On being a "SharePoint" expert

Recently Rocky had one of his many pearls of wisdom, that of the software development world becoming a specialization due to the complexity of the industry. Let me tell you that a) I agree with Rocky 100% (and more if anyone could agree more than 100%) and b) this is true especially so for SharePoint developers and 2007 (the version, not the year).

Actually, let me quantify that. What is a SharePoint developer? Is it a ASP.NET developer who knows a lot about the SharePoint API or is it a SharePoint developer who knows a lot about the ASP.NET API? The answer is yes.

Take me for example, I really didn't do a lot of ASP.NET development (about a year or so since B1) so other than little apps, the odd web service, etc. I really didn't have an in-depth experience being an ASP.NET developer. When I got the SharePoint itch I scratched it with what little COM+, ASP and structured development techniques I knew (we're talking back in STS and SPS 2001 days, before the .NET version). With v2 and 2003 came .NET and more knowledge of how IIS worked, ASP.NET server controls and all that goodness. Now here's 2007 and we're dealing with ASP.NET 2.0, security and membership providers, master pages, user controls, workflow, and a million other little tips, tricks and gadgets that would drive anyone batty.

It's just too much for any one brain to handle (except maybe Hanselman, but we all know he's not human anyways). And there's more to come! Upgrading from ASP.NET 1.1 to 2.0 was a huge shift for SharePoint (in fact a complete flip of the architecture, literally) but moving to 3.0/3.5 isn't going to be that much of a big deal. It's just a different version of the API, a set of new dlls, some Atlas thrown in. Basically a service pack, not a full blown release. With that will come all kinds of things. How about LINQ for SharePoint? We already have people writing PowerShell servlets that will treat SharePoint sites as folders you can navigate, so querying a SharePoint list shouldn't be any more difficult than using LINQ to query a list of objects.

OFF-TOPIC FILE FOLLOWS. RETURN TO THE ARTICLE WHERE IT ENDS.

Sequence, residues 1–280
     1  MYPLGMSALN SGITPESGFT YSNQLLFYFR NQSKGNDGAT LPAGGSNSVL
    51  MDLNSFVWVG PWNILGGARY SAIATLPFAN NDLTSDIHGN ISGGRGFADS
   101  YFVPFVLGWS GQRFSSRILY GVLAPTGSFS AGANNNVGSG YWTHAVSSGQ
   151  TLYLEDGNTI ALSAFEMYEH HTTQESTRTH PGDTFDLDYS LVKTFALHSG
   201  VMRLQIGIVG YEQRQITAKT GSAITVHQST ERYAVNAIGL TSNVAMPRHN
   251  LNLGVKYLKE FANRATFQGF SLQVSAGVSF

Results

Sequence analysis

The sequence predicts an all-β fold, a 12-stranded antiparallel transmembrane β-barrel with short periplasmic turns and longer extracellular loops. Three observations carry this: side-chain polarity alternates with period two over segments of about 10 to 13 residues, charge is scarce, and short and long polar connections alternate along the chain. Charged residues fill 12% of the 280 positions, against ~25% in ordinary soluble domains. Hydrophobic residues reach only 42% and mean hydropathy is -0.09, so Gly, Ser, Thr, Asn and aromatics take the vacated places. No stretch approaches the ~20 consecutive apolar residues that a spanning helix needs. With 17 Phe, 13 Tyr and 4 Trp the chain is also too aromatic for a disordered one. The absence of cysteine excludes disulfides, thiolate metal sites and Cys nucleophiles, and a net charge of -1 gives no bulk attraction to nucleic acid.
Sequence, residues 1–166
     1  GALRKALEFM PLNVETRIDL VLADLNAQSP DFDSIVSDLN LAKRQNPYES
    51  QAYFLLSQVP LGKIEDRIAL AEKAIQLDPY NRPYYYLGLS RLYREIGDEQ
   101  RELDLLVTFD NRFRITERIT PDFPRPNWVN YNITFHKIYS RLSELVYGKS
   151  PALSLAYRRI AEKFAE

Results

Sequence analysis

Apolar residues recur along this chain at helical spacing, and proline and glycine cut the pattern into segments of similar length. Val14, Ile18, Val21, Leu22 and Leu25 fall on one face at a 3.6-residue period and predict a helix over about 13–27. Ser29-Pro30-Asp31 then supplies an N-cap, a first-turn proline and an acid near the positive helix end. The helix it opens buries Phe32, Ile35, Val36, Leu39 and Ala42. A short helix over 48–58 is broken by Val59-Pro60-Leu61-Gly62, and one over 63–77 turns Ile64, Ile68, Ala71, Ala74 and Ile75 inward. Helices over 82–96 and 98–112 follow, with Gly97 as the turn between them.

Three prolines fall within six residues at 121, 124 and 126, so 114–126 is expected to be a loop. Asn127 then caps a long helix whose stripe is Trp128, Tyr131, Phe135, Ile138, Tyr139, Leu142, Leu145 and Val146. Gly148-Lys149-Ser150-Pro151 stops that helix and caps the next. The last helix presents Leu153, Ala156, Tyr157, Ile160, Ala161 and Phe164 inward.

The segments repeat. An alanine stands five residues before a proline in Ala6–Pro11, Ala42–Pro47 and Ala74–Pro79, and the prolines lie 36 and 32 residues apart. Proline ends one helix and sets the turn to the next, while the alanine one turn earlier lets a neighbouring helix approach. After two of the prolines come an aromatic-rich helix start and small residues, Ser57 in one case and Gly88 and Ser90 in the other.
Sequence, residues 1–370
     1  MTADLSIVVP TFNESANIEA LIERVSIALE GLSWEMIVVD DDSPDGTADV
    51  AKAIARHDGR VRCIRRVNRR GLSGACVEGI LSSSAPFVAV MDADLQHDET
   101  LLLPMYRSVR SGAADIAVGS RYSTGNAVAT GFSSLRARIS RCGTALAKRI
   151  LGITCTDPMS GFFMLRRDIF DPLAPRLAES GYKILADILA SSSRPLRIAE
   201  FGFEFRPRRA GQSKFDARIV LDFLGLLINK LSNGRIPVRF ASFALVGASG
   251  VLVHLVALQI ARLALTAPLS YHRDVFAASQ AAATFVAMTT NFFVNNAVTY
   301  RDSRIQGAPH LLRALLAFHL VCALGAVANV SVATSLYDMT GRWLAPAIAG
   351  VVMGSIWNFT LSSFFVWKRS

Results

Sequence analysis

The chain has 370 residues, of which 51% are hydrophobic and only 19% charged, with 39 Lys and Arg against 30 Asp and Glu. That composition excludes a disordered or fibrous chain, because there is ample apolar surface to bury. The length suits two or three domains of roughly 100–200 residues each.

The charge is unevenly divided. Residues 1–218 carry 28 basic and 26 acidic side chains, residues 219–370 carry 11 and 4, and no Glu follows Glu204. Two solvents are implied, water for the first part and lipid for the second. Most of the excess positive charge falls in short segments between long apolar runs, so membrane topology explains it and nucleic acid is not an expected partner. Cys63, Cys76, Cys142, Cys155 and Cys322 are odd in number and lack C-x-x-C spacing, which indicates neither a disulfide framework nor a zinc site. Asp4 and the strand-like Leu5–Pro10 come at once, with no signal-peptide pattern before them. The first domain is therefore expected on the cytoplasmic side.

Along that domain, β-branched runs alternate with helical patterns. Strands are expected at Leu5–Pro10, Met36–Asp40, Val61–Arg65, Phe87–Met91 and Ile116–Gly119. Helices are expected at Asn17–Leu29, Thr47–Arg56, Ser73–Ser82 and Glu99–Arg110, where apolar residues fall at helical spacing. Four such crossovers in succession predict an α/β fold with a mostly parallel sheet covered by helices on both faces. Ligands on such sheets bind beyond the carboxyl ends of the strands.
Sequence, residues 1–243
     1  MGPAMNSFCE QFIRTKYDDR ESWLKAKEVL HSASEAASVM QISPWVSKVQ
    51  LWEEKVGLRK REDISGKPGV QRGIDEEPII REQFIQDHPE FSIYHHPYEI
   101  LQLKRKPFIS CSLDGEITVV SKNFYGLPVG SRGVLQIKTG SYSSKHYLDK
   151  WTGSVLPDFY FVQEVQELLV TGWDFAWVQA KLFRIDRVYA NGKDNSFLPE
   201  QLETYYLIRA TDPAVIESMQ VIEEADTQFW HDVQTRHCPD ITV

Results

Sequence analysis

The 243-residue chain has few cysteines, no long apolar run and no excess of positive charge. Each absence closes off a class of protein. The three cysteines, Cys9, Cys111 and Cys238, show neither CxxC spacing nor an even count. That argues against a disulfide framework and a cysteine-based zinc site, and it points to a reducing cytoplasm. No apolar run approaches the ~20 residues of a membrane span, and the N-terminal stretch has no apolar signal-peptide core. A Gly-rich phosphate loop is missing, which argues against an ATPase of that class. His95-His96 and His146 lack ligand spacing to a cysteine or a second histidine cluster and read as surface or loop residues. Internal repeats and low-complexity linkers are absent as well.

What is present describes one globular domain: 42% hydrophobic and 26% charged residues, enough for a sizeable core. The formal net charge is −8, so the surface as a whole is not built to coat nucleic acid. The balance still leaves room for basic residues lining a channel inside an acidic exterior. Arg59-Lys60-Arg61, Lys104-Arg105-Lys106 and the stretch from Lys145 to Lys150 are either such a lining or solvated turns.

The future is here and moving fast. Being a SharePoint expert isn't just about knowing all the technologies, layers, and tiers that encompasses SharePoint because frankly that's not realistic. SharePoint is just another layer in the stack, another tool in the toolbox, for us "developers" to work with. Whether we choose to weigh more heavily on the SharePoint API or the ASP.NET one, it's just a matter of what we're trying to accomplish. Being a SharePoint expert is about knowing what's available and making use of it, and getting the guys who really know this stuff inside and out to build it for you (or if you're that guy, build that part yourself).

I think gone are the days where being a SharePoint expert meant you knew every nut and bolt of every piece of the machine. Today, you're lucky if you can get your head wrapped around one part of it.

1 Comment

  • Bill,

    Couldn't agree more (more than 100%?). SP 2007 is such a beast that I can't see anyone being an "expert" at all of it - especially not this early in the game. I've been working with the silly thing since Dogfood4 and I KNOW I don't know it all. Tack all of the changes in ASP.Net 2.0 AND the 3.0 Framework onto that and the problem is just compounded. The trick, and you touched lightly on this, is that to be a "SharePoint expert" you need to know the breadth of the tools (SP, ASP.Net, Workflow, etc) to know what to use where, and you need to then have depth in a few areas. That depth is what will grow with time and experience. The breadth is what lets you figure out which pieces to use for a particular project and when you need to either pick up some depth or else call in someone who is already there.

    That is the strength I see in the SP community. All of the people who have depth in certain areas who share that knowledge help everyone else who is not an expert in that particular area. Everyone takes a small step forward by sharing what they know.


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